While the majority of the above focuses on potential red flags, there are certainly things to like about Rahier's swing. He can get into very good hitting position (as evidenced by the photo below), including a firm front side (anchoring the swing and allowing his momentum to rotate around his front leg), good hip rotation driving him up on the toe of his back foot, and maintaining arms in good hitting position, keeping his back elbow in close to the body. In addition, he isn't reaching for the pitch, instead letting it travel deep in the zone, maximizing the power he transfers to the ball and giving himself more time to recognize the pitch.

This position should enable him to generate maximum rotational force to power the swing, which when coupled with strong wrists and forearms should allow him to produce solid/average power in the future.

This is a strong hitting position and that shouldn't be discounted. However, the question with Rahier is whether everything that comes BEFORE he reaches this hitting position will drag down his performance at the plate. There is so much movement in his leg kick and in the loading of his hands that he may struggle to get into proper hitting position in time to connect with the pitch. It doesn't matter if you can get into proper hitting position if it takes you too long to get there. It doesn't matter if you can get into proper hitting position if there is too much superfluous movement to allow you to properly track the pitch.

Here's a look at Rahier at the plate, courtesy PerfectGameBaseball on Youtube:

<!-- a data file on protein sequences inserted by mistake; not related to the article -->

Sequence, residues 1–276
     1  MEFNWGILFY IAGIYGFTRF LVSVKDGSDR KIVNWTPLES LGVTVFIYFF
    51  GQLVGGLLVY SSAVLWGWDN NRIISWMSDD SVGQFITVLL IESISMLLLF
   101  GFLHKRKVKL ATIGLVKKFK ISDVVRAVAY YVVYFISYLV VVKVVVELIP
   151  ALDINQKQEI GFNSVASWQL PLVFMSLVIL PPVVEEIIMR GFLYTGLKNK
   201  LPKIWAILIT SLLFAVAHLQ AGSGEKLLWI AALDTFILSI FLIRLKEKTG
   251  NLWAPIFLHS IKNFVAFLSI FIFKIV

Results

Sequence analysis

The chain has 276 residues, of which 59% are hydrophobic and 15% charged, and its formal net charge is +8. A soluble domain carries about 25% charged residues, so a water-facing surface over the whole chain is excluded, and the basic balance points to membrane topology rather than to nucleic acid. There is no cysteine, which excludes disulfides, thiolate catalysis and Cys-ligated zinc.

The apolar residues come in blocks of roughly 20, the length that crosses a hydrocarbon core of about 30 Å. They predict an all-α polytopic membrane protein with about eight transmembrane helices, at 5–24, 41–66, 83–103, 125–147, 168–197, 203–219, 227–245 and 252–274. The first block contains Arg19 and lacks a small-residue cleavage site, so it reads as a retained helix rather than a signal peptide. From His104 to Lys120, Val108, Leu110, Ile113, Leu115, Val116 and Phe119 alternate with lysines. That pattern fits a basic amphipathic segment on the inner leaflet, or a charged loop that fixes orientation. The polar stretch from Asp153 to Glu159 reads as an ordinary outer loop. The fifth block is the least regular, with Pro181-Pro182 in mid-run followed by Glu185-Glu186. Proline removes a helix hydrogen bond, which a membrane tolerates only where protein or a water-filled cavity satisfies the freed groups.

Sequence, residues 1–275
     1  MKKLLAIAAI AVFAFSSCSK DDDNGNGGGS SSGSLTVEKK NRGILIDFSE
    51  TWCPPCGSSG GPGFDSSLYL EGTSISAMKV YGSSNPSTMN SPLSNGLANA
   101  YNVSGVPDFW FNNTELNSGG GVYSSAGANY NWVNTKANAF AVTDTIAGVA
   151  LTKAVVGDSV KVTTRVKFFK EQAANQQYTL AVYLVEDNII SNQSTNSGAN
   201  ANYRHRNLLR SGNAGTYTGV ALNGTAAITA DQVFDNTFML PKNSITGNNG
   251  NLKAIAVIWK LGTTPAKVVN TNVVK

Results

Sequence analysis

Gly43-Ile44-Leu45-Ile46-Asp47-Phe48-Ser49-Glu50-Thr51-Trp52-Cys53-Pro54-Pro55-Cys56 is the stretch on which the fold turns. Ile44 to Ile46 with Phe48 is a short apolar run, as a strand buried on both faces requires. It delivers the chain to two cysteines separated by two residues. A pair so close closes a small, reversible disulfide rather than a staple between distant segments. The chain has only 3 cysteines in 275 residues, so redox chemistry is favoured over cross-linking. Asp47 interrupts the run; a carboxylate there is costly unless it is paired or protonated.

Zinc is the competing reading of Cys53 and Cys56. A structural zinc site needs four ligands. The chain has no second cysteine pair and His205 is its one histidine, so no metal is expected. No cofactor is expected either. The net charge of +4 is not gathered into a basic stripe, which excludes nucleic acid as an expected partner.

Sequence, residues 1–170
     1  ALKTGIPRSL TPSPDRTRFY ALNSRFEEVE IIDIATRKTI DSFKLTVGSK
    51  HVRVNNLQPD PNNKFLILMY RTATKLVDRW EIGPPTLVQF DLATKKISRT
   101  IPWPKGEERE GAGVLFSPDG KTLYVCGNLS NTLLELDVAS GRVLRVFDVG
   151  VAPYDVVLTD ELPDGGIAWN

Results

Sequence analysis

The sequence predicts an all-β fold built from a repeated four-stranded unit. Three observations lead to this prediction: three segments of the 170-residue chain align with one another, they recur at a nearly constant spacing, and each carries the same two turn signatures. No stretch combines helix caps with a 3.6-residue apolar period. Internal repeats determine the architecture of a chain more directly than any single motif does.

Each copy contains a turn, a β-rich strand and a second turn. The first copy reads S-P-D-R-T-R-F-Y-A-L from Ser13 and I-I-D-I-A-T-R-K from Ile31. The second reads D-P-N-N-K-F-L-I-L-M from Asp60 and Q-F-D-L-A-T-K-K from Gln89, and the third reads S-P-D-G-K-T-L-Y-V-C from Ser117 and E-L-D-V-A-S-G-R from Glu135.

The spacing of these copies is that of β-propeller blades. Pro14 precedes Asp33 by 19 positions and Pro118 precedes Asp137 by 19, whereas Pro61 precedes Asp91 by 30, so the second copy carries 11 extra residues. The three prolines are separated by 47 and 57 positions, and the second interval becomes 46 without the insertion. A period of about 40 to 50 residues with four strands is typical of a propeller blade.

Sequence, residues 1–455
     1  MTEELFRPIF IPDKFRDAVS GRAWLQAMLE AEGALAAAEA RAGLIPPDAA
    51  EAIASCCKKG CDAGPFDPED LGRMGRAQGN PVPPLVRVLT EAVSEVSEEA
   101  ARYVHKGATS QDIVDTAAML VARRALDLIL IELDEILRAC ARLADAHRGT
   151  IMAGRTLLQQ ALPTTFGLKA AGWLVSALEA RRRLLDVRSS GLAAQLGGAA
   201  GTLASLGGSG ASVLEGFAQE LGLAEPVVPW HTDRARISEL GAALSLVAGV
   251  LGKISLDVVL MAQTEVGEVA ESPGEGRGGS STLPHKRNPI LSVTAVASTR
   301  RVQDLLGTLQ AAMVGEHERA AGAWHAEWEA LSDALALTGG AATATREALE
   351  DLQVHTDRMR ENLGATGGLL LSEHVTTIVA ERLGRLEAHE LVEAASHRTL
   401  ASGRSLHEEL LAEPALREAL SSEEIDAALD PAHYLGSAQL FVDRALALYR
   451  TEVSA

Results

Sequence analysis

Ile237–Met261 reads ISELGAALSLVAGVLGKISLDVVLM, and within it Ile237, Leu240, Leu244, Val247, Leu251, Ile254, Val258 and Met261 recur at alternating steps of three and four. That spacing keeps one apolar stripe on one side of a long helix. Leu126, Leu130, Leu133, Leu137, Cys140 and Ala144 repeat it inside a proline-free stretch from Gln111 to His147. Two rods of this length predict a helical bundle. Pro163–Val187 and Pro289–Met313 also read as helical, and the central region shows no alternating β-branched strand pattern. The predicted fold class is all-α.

In the end, there are some mechanical issues that Rahier is likely going to need to address. At the same time, they aren't flaws until they affect his performance. And, even if they prove to be flaws, they aren't of the uncorrectable variety. Hitters can and do change their swing mechanics and/or approach as they develop in the minors. Some for the better (Joey Votto). Some for the worse (Ryan LaMarre). It's way too soon to know which path Rahier will travel.


The general consensus is that Rahier will likely end up at third base and I tend to agree, but the Reds are likely to give him the chance to play his way off the position.

"We were a little surprised," said Chris Buckley, the Reds' senior director of amateur scouting. "I think it's probably because he's going to have to move off of shortstop. He's a little too big for the position. That's our guess. But he was a very high profile guy. We were happy he was there. We'll give him a chance to play shortstop, but he might be too big to stay there."

Some scouting reports list Rahier's fielding actions as rough, but they look solid and fluid to me. And, his arm strength isn't in question, as he touched 93 mph on the mound as an amateur. So, as mentioned by Chris Buckley, the question is whether he has enough range. He's physically big for the position, but the larger issue is that he just doesn't run well, lacking both speed and quickness,which is difficult to improve.

Here's a look at Rahier in the field courtesy of Steve Fiorindo on YouTube:


When all is said and done, Rahier lands at #16 on the list. On the plus side of the ledger fall his arm strength, make-up, work ethic, solid fielding actions, and solid power potential. On the negative side of the ledger are his questionable swing mechanics and his likely inability to stick at shortstop. He may ultimately prove to be a tweener, not enough offense for third base, but not enough defense for shortstop. It's very early in his career and any flaws have yet to really bubble to the surface, but he's clearly willing to put in the work necessary to improve. His career gets underway in 2013.